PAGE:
On September 3, 2015, a new law went into effect prohibiting many private sector employers in New York City from requesting or using an employee’s or applicant’s consumer credit history. Unless one of the limited exception applies, employers may not ask employees or applicants about their credit status, bankruptcies, judgments or liens, and using any consumer credit history information. Additionally, as of October 27, 2015, New York City will regulate employers’ use of criminal history for pre-employment screening.
Both of these changes in the law will require most employers operating in New York City to revise their initial employment application forms to eliminate credit history or criminal history questions from such forms and to re-evaluate when and how they seek such information, if at all. In this regard, New York City joins a host of other jurisdictions that have been active in regulating the pre-employment use of credit or criminal history, including California, Connecticut, Hawaii, Illinois, and a host of cities through out the U.S.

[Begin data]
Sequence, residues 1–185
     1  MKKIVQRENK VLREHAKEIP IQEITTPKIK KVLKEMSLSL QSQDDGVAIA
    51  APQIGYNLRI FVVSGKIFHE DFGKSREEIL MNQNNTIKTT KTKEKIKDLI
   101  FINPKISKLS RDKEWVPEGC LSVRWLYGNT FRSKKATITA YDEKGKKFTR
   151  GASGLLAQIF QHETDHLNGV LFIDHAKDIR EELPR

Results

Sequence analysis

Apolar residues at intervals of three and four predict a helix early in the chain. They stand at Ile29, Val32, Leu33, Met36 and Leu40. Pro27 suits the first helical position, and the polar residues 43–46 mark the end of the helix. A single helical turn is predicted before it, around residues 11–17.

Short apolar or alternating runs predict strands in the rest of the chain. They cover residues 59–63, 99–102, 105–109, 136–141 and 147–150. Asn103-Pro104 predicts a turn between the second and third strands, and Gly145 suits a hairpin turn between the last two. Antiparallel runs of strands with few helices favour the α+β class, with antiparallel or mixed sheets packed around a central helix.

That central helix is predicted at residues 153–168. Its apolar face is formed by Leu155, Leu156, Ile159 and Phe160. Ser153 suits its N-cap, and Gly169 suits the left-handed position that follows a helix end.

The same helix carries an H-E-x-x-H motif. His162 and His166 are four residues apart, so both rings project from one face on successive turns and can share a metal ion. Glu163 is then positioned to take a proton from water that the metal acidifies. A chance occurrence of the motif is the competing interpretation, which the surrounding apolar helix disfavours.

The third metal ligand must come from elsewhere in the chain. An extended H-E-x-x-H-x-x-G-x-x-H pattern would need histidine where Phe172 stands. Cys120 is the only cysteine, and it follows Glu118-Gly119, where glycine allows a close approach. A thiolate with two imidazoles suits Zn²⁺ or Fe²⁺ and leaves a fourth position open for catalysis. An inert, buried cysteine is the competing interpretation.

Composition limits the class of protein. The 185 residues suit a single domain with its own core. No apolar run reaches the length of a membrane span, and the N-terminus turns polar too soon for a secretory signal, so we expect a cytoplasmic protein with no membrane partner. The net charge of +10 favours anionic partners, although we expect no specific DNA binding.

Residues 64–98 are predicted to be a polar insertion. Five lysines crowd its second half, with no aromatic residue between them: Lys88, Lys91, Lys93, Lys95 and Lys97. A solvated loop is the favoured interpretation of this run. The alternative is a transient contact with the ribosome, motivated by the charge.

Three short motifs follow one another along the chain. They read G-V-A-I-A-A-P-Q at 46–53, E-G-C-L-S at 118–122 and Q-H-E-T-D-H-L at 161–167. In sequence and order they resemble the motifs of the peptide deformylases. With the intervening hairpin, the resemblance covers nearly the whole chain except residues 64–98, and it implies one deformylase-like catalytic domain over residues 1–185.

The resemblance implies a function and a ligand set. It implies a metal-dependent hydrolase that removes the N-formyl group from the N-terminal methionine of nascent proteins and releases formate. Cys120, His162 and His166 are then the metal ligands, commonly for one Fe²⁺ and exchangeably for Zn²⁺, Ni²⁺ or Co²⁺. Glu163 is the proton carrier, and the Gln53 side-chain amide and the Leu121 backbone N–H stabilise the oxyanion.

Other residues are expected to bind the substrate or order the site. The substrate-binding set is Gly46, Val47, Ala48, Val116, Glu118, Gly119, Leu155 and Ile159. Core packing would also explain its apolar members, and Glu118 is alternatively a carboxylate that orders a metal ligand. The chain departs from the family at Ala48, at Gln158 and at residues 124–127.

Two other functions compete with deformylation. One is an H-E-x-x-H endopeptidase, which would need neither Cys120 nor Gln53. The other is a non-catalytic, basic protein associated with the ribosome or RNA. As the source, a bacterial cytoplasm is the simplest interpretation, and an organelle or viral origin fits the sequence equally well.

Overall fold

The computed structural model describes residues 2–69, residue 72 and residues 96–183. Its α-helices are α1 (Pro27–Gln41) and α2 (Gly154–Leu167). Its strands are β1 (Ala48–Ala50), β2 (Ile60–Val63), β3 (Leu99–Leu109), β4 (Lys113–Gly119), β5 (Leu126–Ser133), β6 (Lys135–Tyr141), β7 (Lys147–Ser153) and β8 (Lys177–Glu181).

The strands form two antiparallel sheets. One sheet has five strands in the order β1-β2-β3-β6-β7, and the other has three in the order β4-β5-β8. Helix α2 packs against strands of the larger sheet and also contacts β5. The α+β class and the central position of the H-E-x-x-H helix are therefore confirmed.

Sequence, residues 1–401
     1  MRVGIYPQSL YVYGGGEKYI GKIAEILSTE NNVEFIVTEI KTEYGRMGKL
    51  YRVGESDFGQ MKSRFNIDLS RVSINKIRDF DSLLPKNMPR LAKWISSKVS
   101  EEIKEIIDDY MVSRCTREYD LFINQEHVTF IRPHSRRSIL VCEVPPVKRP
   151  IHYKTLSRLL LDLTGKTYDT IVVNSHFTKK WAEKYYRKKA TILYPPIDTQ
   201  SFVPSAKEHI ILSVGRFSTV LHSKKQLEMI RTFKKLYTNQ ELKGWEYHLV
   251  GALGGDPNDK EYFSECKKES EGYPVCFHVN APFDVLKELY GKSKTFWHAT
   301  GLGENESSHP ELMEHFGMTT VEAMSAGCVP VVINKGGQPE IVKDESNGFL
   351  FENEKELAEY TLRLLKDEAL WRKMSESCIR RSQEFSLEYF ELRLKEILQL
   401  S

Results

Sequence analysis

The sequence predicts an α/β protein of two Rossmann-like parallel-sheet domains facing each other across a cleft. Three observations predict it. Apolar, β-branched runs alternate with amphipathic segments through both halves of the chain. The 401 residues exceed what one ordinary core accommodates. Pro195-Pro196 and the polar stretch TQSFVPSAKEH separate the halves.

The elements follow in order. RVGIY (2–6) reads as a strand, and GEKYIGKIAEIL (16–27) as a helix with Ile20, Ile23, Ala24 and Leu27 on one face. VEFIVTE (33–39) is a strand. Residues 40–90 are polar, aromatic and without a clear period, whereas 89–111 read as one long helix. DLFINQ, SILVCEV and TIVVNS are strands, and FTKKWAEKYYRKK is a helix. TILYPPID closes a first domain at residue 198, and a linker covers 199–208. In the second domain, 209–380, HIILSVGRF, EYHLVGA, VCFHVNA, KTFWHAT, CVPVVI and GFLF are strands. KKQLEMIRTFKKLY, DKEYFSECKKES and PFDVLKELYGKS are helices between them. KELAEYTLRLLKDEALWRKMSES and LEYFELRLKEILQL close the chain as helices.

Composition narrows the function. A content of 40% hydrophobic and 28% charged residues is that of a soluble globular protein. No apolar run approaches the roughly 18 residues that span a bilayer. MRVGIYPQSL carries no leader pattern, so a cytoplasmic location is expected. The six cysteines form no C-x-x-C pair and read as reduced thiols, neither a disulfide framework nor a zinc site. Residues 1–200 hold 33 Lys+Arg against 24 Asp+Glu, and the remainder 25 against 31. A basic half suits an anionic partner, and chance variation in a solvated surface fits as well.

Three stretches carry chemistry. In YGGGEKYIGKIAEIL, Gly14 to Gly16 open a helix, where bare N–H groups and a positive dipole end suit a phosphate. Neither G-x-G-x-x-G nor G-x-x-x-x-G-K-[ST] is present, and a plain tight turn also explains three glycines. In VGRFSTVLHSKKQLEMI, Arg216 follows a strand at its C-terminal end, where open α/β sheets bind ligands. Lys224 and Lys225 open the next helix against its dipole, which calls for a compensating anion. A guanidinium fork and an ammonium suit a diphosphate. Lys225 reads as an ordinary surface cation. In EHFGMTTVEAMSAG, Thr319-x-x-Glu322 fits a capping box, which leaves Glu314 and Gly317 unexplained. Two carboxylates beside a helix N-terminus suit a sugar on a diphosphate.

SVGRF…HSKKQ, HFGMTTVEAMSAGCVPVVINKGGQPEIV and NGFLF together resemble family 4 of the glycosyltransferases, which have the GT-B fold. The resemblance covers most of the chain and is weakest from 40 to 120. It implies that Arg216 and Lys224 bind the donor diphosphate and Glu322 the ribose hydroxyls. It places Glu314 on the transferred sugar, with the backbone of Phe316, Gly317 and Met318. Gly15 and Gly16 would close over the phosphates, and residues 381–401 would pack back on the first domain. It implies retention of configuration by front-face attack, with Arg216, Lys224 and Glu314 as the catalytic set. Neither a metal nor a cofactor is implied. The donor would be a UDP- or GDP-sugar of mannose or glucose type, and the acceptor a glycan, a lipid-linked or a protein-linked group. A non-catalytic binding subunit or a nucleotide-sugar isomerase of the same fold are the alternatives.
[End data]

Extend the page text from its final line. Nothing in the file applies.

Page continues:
Failure to follow these restrictions can be costly. Lawsuits filed by the EEOC alleging violations of the Fair Credit Reporting Act (FCRA) relating to background checks, have resulted in significant settlements including a $3 million settlement announced recently involving a major supermarket chain, as well as a $1.75 million settlement, covering approximately 30,000 individuals, involving a popular restaurant chain.
For more information. please see the article entitled “Criminal Background Checks: Damned If You Do, Damned If You Don’t” (Parts I and II) in WFCA’s Premier Flooring Retailer (March/April and May/June 2014).